Readers will recall that in June we drew attention to the fact that a person is required to file a tax return only if HMRC have issued a notice requiring him to do so (Tax returns: do I have to file one?).
Hot on the heels of that earlier case comes that of Mr Joshi  UKFTT 644 (TC). Like the appellant in the earlier case, Mr Joshi was a newly-appointed director of a company. He was late in filing his personal tax return. He appealed against the resulting penalty. It is worth quoting in full his grounds for appeal:
“I started Midland Solar Ltd in 2011. I was a new business man. I had no idea about any taxes. No-one mentioned that you have to do self-assessment. I was paying regularly corporation tax.
I came to know about self-assessment when VAT people came in 2014 and they ask me about self-assessment, at that time I realised that I have to do this, then I took immediately action and I filed all the self-assessments.
Even HMRC did not write to me that you have to do? This is not a good practice for new business comer.
Like me many new business starter will be victim of this type of penalty, Plus interest on the penalty. This is like a extra income for HMRC, so they will not care to inform that new comer in business. This is my first time mistake, after I am regular in self-assessment.
If you want to promote a new business comer that you must have mercy for first time. At least inform a new comer that you have to submit your self-assessment, so they don’t make mistake which I made innocently. This is a duty of HMRC to inform about this, but it never happen.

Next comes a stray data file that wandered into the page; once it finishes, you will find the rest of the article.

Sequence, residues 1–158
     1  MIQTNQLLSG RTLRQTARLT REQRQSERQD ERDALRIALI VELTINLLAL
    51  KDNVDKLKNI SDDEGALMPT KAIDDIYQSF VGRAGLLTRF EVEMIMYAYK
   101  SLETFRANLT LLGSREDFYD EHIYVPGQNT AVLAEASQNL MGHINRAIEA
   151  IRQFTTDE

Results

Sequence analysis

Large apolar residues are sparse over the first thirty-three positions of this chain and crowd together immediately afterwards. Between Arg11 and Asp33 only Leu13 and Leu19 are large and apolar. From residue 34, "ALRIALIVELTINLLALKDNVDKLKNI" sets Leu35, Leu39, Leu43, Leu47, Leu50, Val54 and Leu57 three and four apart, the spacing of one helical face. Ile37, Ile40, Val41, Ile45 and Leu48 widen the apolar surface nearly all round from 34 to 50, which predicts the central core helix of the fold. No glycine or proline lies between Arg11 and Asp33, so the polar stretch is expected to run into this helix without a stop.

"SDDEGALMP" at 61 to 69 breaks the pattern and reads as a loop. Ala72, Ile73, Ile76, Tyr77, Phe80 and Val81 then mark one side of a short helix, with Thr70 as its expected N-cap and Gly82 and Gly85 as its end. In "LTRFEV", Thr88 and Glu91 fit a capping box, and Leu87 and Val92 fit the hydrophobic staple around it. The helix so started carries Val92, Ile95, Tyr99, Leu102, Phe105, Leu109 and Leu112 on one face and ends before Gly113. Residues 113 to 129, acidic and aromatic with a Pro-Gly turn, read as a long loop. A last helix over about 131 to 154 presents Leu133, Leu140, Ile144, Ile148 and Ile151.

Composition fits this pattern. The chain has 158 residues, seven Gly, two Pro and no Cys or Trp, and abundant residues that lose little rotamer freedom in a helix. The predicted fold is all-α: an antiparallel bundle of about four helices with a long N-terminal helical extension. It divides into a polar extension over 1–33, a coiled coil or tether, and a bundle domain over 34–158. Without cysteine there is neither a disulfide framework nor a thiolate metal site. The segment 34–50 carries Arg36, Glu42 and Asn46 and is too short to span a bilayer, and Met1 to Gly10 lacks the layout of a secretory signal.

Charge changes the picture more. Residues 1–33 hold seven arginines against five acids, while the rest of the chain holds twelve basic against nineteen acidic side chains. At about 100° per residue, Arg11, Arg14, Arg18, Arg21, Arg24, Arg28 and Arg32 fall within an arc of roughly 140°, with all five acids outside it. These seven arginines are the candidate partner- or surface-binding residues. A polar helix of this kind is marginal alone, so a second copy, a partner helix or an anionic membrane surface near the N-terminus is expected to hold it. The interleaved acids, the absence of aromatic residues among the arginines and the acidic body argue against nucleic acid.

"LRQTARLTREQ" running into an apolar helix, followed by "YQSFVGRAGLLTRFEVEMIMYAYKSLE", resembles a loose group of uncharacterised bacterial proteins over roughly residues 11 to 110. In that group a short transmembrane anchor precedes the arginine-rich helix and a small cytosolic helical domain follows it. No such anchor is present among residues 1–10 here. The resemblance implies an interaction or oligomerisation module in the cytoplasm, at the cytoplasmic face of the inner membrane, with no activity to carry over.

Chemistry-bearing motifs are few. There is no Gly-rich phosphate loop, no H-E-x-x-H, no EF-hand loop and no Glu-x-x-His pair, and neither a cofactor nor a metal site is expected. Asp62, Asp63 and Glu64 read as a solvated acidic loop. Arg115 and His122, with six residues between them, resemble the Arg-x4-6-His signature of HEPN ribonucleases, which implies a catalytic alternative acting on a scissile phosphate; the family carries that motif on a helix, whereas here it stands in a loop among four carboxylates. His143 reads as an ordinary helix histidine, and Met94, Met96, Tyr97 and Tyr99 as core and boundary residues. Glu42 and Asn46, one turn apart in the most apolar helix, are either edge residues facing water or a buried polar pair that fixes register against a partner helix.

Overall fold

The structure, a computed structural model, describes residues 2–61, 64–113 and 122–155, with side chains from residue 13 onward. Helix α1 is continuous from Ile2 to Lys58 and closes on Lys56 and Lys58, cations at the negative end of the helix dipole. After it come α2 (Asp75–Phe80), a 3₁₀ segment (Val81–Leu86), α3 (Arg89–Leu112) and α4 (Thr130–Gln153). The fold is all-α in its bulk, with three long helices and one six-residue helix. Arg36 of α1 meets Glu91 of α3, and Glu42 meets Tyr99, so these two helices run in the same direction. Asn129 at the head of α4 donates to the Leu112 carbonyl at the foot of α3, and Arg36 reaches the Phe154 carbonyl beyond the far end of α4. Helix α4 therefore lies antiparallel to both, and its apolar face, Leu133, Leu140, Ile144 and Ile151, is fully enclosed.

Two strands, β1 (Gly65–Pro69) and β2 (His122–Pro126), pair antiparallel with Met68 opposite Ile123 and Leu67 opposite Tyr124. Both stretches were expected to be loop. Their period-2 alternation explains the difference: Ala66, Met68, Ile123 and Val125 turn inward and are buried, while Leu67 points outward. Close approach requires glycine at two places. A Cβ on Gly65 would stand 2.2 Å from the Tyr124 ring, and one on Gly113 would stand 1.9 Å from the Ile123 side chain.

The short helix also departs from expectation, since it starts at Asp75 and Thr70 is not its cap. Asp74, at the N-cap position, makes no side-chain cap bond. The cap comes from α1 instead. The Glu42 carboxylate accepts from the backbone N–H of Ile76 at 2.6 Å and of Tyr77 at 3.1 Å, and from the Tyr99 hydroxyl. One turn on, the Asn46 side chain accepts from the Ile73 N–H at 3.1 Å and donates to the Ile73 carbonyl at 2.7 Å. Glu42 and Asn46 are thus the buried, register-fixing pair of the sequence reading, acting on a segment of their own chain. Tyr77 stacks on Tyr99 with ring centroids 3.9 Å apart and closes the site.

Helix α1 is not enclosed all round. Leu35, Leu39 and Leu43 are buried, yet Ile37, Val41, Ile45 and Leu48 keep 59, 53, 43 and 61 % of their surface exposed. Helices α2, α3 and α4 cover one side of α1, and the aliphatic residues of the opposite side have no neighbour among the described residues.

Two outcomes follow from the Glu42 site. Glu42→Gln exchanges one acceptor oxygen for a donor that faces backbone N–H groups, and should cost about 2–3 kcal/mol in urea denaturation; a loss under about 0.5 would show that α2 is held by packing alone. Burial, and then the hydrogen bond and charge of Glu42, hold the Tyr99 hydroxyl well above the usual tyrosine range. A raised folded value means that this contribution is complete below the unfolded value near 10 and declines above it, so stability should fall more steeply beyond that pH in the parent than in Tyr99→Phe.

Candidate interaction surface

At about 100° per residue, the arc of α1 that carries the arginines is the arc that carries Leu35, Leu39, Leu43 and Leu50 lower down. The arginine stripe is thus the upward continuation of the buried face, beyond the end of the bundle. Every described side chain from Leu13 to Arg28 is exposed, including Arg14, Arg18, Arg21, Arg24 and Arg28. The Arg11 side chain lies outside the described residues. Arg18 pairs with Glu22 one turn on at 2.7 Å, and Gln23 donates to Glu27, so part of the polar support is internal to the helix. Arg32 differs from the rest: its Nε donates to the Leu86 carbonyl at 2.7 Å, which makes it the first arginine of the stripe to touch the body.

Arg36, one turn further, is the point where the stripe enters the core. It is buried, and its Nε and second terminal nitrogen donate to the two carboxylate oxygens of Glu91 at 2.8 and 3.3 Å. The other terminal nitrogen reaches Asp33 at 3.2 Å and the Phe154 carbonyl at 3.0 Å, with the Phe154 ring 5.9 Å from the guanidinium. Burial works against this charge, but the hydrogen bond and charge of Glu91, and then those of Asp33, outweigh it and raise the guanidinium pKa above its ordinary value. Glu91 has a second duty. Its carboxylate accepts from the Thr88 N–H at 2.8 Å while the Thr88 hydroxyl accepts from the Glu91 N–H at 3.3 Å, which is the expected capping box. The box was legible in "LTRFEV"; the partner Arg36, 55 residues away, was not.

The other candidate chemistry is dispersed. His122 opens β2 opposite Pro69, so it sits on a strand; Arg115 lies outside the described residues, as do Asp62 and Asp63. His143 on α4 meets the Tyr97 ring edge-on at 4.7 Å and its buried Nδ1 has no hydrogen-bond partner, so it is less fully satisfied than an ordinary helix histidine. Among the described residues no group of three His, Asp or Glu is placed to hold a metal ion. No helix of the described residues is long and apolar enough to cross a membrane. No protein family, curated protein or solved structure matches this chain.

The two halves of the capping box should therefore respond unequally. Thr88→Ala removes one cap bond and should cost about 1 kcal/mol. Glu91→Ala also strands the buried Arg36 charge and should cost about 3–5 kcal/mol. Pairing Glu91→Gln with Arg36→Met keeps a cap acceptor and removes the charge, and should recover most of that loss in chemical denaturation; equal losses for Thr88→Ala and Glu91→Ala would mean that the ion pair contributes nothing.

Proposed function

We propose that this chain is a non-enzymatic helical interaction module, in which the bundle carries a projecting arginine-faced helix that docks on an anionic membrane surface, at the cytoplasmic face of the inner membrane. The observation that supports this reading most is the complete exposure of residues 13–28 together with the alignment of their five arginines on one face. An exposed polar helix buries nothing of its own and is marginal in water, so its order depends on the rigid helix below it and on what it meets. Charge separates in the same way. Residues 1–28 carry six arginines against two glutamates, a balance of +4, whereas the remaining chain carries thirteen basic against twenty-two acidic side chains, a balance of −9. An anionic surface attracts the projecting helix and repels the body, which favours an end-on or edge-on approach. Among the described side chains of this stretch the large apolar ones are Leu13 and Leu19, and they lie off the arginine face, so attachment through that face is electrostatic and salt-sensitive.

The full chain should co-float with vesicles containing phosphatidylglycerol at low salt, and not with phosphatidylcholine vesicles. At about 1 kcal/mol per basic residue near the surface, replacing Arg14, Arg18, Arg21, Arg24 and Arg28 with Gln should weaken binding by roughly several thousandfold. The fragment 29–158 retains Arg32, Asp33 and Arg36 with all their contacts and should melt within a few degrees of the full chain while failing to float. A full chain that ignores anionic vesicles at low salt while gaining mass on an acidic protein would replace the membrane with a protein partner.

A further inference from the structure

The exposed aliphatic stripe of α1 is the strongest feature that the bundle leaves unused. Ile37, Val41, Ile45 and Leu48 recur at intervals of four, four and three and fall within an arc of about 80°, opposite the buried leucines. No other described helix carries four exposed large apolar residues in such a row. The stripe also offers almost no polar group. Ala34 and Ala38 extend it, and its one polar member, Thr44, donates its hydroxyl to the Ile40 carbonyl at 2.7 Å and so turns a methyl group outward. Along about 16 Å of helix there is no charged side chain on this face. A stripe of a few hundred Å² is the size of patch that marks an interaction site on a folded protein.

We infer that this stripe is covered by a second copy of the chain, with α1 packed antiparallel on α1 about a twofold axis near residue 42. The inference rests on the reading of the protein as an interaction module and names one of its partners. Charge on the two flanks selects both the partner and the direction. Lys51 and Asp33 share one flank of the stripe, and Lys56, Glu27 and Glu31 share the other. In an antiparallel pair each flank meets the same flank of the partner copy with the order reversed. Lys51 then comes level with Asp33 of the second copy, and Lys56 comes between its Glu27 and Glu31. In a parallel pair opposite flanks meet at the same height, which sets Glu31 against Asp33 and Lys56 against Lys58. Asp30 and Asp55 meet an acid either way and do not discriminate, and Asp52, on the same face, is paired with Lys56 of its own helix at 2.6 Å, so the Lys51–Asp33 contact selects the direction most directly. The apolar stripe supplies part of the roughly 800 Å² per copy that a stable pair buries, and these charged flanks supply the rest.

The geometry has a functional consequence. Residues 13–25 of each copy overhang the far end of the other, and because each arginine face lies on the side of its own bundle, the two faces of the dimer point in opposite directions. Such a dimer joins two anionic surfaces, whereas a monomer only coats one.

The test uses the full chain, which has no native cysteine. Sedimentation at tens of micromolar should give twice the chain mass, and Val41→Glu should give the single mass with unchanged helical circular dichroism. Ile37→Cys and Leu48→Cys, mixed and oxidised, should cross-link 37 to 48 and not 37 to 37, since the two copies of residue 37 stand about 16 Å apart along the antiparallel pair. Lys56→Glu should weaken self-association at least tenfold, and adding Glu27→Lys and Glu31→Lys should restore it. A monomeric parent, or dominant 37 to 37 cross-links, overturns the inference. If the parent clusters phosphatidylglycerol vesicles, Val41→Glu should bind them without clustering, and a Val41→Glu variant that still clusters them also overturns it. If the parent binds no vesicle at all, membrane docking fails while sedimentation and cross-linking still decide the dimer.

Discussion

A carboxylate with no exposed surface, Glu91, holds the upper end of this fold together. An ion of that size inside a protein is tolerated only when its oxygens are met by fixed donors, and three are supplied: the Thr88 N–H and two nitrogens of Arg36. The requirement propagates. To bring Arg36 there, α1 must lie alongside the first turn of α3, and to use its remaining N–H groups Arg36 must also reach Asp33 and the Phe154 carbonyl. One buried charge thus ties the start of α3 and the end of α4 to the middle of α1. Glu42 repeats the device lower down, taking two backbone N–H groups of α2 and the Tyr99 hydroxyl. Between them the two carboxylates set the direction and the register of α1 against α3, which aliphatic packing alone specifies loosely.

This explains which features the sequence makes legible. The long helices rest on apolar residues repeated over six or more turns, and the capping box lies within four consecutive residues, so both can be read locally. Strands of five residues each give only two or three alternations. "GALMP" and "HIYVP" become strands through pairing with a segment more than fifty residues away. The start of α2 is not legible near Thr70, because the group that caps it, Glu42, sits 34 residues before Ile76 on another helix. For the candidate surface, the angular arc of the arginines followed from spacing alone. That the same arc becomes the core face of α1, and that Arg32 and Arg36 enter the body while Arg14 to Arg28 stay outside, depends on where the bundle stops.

This is my first mistake done by innocently, so HMRC must have mercy on me, if I make any mistake then they can take action that is reasonable, but not for first time.
This is my humble request to court and HMRC.”
Now, although Mr Joshi doesn’t use technical words like “notice to file a return”, the gist of his appeal is clear: he claims not to have been told that a personal tax return is required. It is therefore surprising and a little worrying that although the reported decision recites the relevant statutory provisions at length, there is not so much as a word about the rather crucial question of whether or when HMRC actually issued a notice requiring the filing of a tax return or Mr Joshi received such a notice.
It’s quite possible, of course, that HMRC held irrefutable evidence that such a notice was issued and that on the balance of probabilities Mr Joshi received it. But that evidence, if it existed, should have been laid before the Tribunal.
Natural justice requires that when a taxpayer asserts that the reason he didn’t file a tax return on time was because he hadn’t been asked for one, that assertion must not be ignored. It must be properly addressed by HMRC in its case and tested by the Tribunal in coming to its decision. To accept on the nod a crucial part of HMRC’s case – or, worse, to be ignorant of its importance – does not look to this observer much like justice.
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This article was later published in Tax Journal (Issue 1366) and is also available on the Tax Journal website.